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Albert Pujols homers three times in Cardinals' win

St. Louis takes a 16-7 victory over the Rangers in Game 3 for a 2-1 lead in World Series.

October 22, 2011|By Kevin Baxter | Los Angeles Times Staff Writer
  • St. Louis' Albert Pujols watches his three-run home run in the sixth inning of the Cardinals' 16-7 victory over Texas. Pujols finished the game with three home runs, five hits and six RBIs.
St. Louis' Albert Pujols watches his three-run home run in the sixth… (Brian Snyder / Reuters )

Reporting from Arlington, Texas -- The World Series did more than simply change venues when it moved from frigid St. Louis to the heat of Texas for Game 3. It changed in character as well.

Because after splitting two pitchers' duels in Busch Stadium, the teams traded powerful body blows Saturday, and Albert Pujols landed the most devastating punches of all, homering three times in a 4-hour 4-minute slugfest won by the Cardinals, 16-7.

That gives St. Louis a 2-1 lead in the best-of-seven series, which continues Sunday at Rangers Ballpark in Arlington.

Photos: Cardinals vs. Rangers in World Series

Consider the differences: After scoring four times in two games at home, the Cardinals scored four times each in the fourth and sixth innings Saturday. After managing one home run in 18 innings at Busch Stadium, the power Rangers hit two in the span of three batters in their half of the fourth.

And the 23 hits the two teams got in the first two games? They had that many by the top of the seventh inning Saturday.

But the night belonged to Pujols, who was hitless in the first two games but set one World Series record and tied two in Game 3.

His three home runs traveled a combined 1,226 feet and, with singles in his first two at-bats, he finished with 14 total bases, surpassing a Series record shared by Babe Ruth and Reggie Jackson.

His five hits and six runs batted in tied World Series records, making Pujols' night arguably the best offensive performance in World Series history.

"The greatest night in World Series history," Cardinals Manager Tony La Russa said. "Show me one that was better. I think it would be hard to do."

But Pujols refused to be drawn into a discussion about individual performances.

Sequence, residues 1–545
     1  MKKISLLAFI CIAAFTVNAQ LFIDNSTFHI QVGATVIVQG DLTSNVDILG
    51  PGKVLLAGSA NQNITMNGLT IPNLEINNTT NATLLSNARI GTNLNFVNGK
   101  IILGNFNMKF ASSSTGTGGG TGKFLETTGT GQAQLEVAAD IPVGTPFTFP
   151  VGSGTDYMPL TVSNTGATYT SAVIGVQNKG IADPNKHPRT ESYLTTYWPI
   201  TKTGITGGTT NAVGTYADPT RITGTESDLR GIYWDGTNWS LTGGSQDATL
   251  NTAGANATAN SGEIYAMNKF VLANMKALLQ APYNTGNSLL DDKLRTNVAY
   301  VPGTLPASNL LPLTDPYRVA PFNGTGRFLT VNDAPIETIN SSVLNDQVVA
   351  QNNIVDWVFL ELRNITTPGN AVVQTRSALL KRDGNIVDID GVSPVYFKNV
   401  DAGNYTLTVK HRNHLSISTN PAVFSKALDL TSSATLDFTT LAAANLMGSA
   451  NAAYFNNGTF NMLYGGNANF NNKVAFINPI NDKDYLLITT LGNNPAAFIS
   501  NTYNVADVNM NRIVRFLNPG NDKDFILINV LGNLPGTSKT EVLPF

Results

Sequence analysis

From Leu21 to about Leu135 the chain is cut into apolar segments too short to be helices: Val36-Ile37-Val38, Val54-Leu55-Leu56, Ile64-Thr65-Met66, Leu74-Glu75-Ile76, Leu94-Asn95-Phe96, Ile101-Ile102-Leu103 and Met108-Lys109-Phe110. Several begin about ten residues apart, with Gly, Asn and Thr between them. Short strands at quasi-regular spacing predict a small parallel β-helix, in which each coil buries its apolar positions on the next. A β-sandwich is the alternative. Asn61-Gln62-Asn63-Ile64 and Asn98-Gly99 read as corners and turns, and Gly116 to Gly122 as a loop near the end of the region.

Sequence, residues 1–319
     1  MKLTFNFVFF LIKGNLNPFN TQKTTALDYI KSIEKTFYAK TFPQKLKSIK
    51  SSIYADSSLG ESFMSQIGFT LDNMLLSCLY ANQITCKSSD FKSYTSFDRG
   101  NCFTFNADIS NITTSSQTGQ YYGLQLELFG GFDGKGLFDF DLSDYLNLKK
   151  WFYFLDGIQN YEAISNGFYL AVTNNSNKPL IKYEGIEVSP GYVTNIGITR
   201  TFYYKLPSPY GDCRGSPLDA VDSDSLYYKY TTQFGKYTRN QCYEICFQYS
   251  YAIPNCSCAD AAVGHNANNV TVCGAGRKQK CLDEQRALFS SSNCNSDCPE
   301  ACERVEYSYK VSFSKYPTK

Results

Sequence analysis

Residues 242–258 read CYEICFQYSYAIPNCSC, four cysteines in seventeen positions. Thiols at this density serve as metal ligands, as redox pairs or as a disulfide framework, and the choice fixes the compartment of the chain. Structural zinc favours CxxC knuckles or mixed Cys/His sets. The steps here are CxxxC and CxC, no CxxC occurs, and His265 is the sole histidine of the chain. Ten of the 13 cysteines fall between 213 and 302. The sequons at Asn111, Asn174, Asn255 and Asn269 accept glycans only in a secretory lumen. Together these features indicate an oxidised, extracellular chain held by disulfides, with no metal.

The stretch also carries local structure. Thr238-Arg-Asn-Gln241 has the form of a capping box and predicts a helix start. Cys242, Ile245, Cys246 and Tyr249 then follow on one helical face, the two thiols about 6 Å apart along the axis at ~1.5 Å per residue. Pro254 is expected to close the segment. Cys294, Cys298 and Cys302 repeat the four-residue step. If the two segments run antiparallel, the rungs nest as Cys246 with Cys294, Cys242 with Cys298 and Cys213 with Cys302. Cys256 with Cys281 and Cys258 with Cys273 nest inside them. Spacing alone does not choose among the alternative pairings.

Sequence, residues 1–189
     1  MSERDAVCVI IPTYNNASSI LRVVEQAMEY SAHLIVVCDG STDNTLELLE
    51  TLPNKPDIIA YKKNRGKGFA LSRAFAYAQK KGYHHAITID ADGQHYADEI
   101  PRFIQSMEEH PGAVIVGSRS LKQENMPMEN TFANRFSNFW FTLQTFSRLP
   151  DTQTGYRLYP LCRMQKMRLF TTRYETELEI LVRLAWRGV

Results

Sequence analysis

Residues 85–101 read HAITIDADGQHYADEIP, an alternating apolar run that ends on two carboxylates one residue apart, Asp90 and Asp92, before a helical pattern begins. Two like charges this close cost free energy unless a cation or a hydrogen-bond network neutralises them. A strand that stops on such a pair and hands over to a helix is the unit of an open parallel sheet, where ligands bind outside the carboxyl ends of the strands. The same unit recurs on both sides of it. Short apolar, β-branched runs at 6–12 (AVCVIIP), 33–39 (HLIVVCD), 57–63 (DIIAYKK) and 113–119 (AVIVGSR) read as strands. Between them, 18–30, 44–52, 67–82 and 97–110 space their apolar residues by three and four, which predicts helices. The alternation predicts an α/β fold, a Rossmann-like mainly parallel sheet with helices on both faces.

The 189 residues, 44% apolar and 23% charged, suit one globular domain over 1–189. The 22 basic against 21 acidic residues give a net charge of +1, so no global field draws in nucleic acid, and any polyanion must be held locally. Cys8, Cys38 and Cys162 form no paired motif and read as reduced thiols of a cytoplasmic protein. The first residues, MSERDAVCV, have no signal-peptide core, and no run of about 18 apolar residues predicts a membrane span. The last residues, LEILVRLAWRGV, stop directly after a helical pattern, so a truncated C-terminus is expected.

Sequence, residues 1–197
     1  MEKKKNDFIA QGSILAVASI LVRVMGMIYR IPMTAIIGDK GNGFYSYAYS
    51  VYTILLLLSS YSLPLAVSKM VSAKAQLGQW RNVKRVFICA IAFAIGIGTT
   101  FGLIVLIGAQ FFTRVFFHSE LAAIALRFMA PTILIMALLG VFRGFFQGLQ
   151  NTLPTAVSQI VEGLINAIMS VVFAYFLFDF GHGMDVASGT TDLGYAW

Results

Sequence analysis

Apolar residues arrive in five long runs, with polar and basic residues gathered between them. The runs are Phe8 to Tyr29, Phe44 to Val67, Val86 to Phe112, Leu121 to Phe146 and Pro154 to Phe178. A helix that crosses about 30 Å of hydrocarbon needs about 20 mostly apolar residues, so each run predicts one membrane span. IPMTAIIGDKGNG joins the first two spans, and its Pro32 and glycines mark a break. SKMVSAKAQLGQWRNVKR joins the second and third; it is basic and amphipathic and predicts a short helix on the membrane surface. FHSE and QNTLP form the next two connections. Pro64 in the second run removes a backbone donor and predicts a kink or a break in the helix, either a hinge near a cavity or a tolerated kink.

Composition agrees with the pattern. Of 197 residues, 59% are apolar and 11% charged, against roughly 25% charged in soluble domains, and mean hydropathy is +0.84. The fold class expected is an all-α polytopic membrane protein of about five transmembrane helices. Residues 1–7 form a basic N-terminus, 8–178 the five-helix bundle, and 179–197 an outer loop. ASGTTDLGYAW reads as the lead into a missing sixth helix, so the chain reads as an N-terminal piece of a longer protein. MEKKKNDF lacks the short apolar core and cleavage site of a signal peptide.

"I don't concentrate on numbers. This is not an individual game; this is a team effort," Pujols said. "Hopefully, at the end of my career I can look back and say, 'Wow, what a game it was in Game 3 in 2011.'

"But as of right now, it's great to get this win and just move on pretty much and get ready to play tomorrow."

Suffice it to say the teams scored early and often, starting with Allen Craig, the second batter of the game, who homered into the left-field corner on the second pitch he saw.

It would not be the last home run of a night in which the traded big innings.

St. Louis padded its lead in a wild four-run fourth inning that started with a single by Pujols. Then the Rangers answered with three runs in the bottom half on opposite-field home runs by Michael Young, a solo shot, and Nelson Cruz, a two-run blast.

For Cruz, the home run was his seventh of the postseason and it marked the fourth consecutive postseason game in Arlington in which he has homered.

And they were just getting started.

The Cardinals scored seven times in the next two innings, with three of those runs coming on a massive three-run homer by Pujols off the concrete facing of the third deck in left field.

By the time Pujols connected for a two-run shot to center field in the seventh inning, the scoreboard looked more like a phone number than a linescore.

Pujols' final home run, a solo shot, came with two outs in the ninth inning, giving St. Louis at least one run in seven of their nine at-bats, including the final six.

Yadier Molina drove in four runs with two doubles for the Cardinals and Adrian Beltre finished with four hits for Texas.

Even La Russa made some history by winning his 68th postseason game, passing Bobby Cox for second on the all-time list behind Joe Torre.

Yet, all that went unnoticed given Pujols' performance.

"That's something I'm going to be able to tell my kids and grandkids," said reliever Lance Lynn, who earned the win.

"That I actually witnessed that in person."

kevin.baxter@latimes.com

Photos: Cardinals vs. Rangers in World Series

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